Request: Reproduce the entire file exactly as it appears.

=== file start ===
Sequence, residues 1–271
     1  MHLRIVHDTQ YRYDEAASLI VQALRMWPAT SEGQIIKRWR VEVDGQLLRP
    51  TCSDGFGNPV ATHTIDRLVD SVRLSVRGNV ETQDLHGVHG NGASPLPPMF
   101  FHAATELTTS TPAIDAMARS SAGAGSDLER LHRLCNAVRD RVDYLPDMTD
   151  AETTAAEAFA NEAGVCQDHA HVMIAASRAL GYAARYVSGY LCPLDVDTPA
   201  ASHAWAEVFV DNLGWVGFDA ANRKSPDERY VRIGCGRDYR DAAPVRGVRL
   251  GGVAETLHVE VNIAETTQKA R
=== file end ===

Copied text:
Sequence, residues 1–271
     1  MHLRIVHDTQ YRYDEAASLI VQALRMWPAT SEGQIIKRWR VEVDGQLLRP
    51  TCSDGFGNPV ATHTIDRLVD SVRLSVRGNV ETQDLHGVHG NGASPLPPMF
   101  FHAATELTTS TPAIDAMARS SAGAGSDLER LHRLCNAVRD RVDYLPDMTD
   151  AETTAAEAFA NEAGVCQDHA HVMIAASRAL GYAARYVSGY LCPLDVDTPA
   201  ASHAWAEVFV DNLGWVGFDA ANRKSPDERY VRIGCGRDYR DAAPVRGVRL
   251  GGVAETLHVE VNIAETTQKA R